One comment I often during interviews is that our potential clients are hiring a doula to be their advocates. They mention wanting us to stand up to their providers, speak for them, protect their birth plans and prevent unwanted interventions. In fact, I make sure to leave plenty of time to discuss this very topic with all the families inquiring about labor doula services. Why? Because we are not your advocates.
Clearly this brings up questions from many people …
But, wait, don’t doulas “stand up” for their clients in the face of their providers? NO.
Don’t doulas speak for their clients and make sure the birthing person’s wishes are being heard? No, probably not in the way you’re imagining.
Aren’t doulas supposed to advocate for the birthing person? Yes, but not in the way most people think.
Let’s look at this a little deeper to understand.
Much of the confusion comes from misconceptions about a doula’s role and birthing people’s expectations. And that’s understandable. Simply google “doula” and page after page describes doulas as advocates. In fact, advocacy is detailed as a major role that doulas should take for many doula training organizations, listed immediately and clearly on American Pregnancy’s page, and even as a part of the job description on a very prominent (and trustworthy) website, Evidence Based Birth.
If you read these links closely, you’ll see that the advocacy that well-trained, professional doulas undertake involves being present to provide support, helping our clients use THEIR voices to gather information and make THEIR OWN decisions about birth. Instead of “standing up” to providers, we encourage dialogue and team building long before you enter labor and delivery.
A wise, long time doula in my area does the very best job describing how the word “advocate” misses the mark. Denise Beaudoin taught class called Collaborative Practice (currently still being offered by other outstanding doulas from our area) that helps doulas be more effective at working collaboratively with providers. The class focuses on creating a more empathetic perspective around providers so that doulas can best serve their clients. See how this is already different from “save me from my provider?”.
In Denise’s training, participants conjure up an image of what “advocacy” means. Most people start thinking of people on picket lines, holding up signs calling for rights for other people, or something similar. Clients who think of doulas as advocates may expect us to act in a similar manner – asking us to “prevent” things from happening, “argue with the provider”, keep the doctors abay by stating our client’s wishes. This sort of behavior does not go over well in a labor and delivery room. In fact, actions like this is why many providers around the nation don’t want to work with doulas or ban them altogether.
Denise goes on to describe the doula’s role a bit differently. As a diplomat. Hmm, think about that. What image is conjured up? Does it ryle you? Do you picture signs and chanting for a cause? I picture someone who helps facilitate conversation, supports the thoughts and goals of the people involved, creates the dialogue that is needed for informed consent and increases mutual understanding. Sounds nicer, doesn’t it? This is what a doula does.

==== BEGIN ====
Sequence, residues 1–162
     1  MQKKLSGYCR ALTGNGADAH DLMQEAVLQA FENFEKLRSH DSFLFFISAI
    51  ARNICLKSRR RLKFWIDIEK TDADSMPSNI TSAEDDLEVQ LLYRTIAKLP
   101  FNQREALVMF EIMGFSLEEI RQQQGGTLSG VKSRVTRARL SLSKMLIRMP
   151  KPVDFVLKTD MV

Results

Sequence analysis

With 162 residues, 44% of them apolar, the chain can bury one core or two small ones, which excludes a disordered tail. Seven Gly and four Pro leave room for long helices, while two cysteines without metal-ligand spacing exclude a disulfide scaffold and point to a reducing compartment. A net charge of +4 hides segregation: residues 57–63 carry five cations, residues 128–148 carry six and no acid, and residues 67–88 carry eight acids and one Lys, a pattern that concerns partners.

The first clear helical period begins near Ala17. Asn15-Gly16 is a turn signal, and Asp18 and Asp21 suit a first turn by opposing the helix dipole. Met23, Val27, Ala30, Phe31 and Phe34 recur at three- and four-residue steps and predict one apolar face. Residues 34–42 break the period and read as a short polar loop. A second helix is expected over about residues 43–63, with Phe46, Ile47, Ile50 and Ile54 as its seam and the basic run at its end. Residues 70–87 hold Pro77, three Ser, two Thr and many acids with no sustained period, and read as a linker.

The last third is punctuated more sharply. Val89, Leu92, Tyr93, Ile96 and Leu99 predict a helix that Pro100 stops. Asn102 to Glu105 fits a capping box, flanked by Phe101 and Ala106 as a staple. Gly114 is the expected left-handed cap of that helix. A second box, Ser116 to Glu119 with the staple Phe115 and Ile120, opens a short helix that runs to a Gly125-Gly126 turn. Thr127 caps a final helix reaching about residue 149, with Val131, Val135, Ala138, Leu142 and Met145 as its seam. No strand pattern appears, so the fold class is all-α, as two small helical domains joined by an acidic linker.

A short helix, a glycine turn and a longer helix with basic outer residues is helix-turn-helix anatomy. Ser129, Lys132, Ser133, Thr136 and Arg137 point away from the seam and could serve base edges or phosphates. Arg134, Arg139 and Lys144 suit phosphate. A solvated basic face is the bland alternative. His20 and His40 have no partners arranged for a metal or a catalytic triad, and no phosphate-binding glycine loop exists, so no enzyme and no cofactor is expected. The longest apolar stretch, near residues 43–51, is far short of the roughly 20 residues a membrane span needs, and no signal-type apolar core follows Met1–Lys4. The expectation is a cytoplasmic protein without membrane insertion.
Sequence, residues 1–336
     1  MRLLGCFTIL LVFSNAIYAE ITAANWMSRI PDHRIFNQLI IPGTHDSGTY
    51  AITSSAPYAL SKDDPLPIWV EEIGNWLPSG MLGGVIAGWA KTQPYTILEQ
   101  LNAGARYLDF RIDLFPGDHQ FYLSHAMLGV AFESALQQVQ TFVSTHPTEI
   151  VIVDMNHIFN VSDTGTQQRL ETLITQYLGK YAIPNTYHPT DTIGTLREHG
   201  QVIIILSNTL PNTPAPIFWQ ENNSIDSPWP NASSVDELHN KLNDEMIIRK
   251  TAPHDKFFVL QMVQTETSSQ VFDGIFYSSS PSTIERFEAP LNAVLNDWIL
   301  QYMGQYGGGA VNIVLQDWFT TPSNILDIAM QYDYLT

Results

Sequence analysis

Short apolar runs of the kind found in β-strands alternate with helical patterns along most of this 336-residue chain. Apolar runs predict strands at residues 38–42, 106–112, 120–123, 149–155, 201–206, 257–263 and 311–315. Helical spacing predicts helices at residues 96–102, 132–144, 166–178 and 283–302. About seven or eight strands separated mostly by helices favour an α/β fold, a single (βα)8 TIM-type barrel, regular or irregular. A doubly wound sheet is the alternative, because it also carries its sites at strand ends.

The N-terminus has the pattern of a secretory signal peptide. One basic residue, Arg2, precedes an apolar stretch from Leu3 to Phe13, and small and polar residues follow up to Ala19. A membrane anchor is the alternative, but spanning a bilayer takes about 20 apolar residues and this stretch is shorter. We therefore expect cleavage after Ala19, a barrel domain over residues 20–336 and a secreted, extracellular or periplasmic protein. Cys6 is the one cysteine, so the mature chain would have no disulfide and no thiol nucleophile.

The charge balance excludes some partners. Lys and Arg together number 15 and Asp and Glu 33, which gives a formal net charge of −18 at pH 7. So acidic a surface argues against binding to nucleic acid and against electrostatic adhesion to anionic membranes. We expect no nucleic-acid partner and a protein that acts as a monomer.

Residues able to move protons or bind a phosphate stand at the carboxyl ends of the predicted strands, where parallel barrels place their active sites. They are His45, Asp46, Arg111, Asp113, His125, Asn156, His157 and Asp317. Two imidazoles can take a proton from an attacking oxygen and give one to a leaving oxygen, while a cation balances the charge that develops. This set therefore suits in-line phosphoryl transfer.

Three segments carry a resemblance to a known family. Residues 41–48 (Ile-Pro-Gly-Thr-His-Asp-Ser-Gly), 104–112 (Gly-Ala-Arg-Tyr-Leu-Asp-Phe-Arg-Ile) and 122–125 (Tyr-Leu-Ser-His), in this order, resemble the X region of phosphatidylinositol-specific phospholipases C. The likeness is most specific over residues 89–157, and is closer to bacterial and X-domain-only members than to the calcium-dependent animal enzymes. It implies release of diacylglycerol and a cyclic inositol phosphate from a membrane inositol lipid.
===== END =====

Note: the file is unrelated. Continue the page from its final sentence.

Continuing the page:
We ARE there to support your wishes. We are there to advocate “your birth”, but not “FOR you”. We can’t birth this baby for you, and we can’t make decisions for you. Instead, professional doulas guide you, help you navigate the trails of birth, and actively build relationships with providers, nurses – even your family members.
If you’re scared of your provider- we talk about that: what your fears may be, where it comes from, and how to navigate this situation. I’ve seen so many clients’ fears be completely extinguished by simply getting to the root of the fear, creating a list of questions the client wants clarification about, and the client having an in-depth conversation with their provider. Often fears are based on miscommunication and judgement.
If a provider offers an intervention during your birth, we watch and see how you respond. We may remind you that this is different from your original plan and ask you if you want to ask more questions. If you’re not aware something is happening , we do call attention to the situation and encourage your input. (This is rare in our area, by the way.) See how this approach facilitates a more collaborative relationship with your provider and you?
This approach also means that we aren’t “advocating” for a choice that you might not have made on your own. You get to change your mind during birth. You get to decide what is right for YOU. So, while we may have talked about your desire to not have an epidural or break your bag of waters during labor, you may come to a point where you change your mind. If we jump in when a provider offers these tools, we’re getting in the way of your voice and your decision making. Our goal is to be a positive intervention, not one that causes discord during your experience.
Many of our clients are referred to Birthing Stone’s doulas by their providers not only because of feedback from their patients, but also because they, personally, have seen our professionalism, our collaboration, and our ability to truly support our clients in self-advocacy.
We’ll help build you up before your birth and enable you to speak up if you feel vulnerable. As your doula, we’ll be there to help make sure that the strongest voice in your birth is YOURS. So come hire us for our support, encouragement, ability to help you advocate for yourself, but please don’t hire us to be your advocates.
Birthing Stone Doula is a birth and postpartum doula agency supporting families in the Portland, Or area.
Copy write 2016, Tiffany Decker, Jen Ames-Brown, Claire Hoffman